LGBTQ activists vow to march in Belgrade despite EuroPride ban

More than 20 embassies issued a joint statement urging Serbian authorities to lift the ban on the EuroPride march.

Tensions mounted in Belgrade as LGBTQ activists promised to stage a EuroPride march on Saturday in the Serbian capital despite a government ban.

The event had been intended as the cornerstone event of the EuroPride gathering. But the interior ministry banned the march earlier this week citing security concerns after right-wing groups threatened to hold protests.

The Balkan country, a candidate for European Union membership, had been under intense international pressure to allow the march. More than 20 embassies – including from the United States, France and Britain – issued a joint statement urging authorities to lift the ban.

Gay marriage is not legally recognised in Serbia, where homophobia remains deep-seated despite some progress over the years in reducing discrimination.

“We, as activists, will use our democratic right to civil disobedience and will protest,” the Belgrade Pride organisers said after a court rejected their appeal to overturn the ban.

The interior ministry also barred any counter-protests, but some far-right groups promised to rally and gather in front of churches.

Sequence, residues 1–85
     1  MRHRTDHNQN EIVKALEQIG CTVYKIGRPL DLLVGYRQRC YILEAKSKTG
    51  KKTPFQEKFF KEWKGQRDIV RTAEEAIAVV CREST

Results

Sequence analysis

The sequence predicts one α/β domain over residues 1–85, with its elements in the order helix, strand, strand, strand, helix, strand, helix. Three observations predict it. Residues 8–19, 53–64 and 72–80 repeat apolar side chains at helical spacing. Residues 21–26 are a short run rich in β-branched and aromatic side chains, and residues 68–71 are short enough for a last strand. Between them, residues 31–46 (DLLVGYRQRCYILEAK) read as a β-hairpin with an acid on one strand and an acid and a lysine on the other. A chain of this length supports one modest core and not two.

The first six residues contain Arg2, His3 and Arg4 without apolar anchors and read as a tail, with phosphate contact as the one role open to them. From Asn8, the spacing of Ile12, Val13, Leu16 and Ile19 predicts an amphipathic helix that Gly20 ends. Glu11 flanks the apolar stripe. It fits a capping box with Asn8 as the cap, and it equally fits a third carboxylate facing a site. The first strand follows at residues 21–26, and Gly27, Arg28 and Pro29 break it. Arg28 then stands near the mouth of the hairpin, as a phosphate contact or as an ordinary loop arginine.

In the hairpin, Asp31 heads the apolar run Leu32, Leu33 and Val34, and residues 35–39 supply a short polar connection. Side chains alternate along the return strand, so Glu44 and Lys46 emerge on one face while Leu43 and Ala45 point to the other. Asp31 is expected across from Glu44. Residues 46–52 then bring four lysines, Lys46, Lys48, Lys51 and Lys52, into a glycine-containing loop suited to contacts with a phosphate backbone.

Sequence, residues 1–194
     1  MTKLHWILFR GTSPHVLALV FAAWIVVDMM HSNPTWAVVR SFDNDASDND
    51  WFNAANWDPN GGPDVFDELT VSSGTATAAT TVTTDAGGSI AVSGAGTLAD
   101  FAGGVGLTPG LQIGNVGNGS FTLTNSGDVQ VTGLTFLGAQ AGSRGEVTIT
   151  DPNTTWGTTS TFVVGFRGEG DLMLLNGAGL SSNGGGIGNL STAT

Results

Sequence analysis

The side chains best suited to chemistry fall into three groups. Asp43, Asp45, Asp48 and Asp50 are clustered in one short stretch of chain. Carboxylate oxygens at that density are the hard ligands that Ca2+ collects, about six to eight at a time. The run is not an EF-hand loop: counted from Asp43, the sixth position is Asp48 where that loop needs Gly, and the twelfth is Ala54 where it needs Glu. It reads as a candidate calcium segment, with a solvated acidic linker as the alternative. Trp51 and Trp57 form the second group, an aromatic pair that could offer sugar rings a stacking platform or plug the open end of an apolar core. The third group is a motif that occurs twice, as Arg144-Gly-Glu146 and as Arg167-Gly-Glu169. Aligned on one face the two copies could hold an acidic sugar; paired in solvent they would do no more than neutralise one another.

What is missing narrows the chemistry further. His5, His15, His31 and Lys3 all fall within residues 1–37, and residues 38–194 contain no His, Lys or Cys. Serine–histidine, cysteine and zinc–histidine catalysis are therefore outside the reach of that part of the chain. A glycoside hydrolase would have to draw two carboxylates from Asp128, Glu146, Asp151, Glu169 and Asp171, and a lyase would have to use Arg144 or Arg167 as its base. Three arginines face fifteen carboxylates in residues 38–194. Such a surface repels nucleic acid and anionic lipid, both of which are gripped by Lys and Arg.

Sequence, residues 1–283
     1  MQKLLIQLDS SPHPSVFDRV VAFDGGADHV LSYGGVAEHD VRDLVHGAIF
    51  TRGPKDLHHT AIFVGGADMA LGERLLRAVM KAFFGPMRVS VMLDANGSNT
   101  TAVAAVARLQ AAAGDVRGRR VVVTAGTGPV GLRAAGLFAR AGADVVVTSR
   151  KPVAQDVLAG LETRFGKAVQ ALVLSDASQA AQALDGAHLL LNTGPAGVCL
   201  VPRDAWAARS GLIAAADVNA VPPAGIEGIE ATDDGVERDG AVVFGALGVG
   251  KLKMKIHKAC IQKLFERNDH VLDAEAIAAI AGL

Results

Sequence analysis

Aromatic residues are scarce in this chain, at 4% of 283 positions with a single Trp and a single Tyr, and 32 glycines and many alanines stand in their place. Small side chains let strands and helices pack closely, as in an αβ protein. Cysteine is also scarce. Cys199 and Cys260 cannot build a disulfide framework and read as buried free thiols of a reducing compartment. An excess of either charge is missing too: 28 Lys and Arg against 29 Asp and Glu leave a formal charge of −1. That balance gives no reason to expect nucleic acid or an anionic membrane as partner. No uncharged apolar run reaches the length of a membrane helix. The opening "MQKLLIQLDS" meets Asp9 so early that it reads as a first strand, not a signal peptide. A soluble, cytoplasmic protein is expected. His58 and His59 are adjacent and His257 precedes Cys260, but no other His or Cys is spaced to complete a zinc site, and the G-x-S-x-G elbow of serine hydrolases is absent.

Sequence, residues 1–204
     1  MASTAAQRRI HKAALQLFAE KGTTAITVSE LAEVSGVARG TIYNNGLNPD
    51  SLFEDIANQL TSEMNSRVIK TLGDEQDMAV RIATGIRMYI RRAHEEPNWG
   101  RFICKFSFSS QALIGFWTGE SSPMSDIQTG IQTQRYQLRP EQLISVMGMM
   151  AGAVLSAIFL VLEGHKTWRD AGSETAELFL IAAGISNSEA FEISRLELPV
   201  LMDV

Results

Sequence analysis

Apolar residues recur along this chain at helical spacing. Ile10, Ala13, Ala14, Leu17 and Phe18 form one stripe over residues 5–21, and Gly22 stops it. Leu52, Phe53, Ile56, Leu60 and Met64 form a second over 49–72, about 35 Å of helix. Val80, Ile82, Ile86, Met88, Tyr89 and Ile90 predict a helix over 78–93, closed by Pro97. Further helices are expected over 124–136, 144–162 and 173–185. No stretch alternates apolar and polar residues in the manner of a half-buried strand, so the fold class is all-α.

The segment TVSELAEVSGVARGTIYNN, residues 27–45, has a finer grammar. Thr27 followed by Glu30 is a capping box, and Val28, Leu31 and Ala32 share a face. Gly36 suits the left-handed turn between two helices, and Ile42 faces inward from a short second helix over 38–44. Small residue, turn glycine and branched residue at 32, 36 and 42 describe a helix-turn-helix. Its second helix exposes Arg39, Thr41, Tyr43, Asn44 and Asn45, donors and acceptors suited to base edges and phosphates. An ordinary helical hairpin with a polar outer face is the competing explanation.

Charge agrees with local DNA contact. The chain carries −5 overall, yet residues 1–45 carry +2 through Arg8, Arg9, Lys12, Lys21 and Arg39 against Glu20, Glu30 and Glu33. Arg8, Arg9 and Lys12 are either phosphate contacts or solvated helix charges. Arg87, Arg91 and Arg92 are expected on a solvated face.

The US embassy urged its citizens to avoid the event “because of the potential for unruly crowds, violence, as well as possible fines”.

‘Shameful surrender’

Human rights groups and the EU have called on the Serbian government to rescind the ban.

“The Serbian government’s decision to cancel EuroPride is a shameful surrender to, and implicit sanctioning of, bigotry and threats of unlawful violence,” said Graeme Reid, director of the LGBTQ rights programme at Human Rights Watch.

At least 15 members of the European Parliament announced that they will join the Pride march in a show of solidarity, although the route will be much shorter than originally planned.

Belgrade Pride marches in 2001 and again in 2010 were marred by violence and rioting after far-right groups targeted the event.

Since 2014, the parade has been organised regularly without any notable unrest but was protected with a large law enforcement presence.

The formal ban came just days after thousands took part in an anti-Pride demonstration in Belgrade, with biker gangs, Orthodox priests and far-right nationalists demanding the EuroPride rally be scrapped.

This website uses cookies to improve your experience. We'll assume you're ok with this, but you can opt-out if you wish. Accept Read More

Privacy & Cookies Policy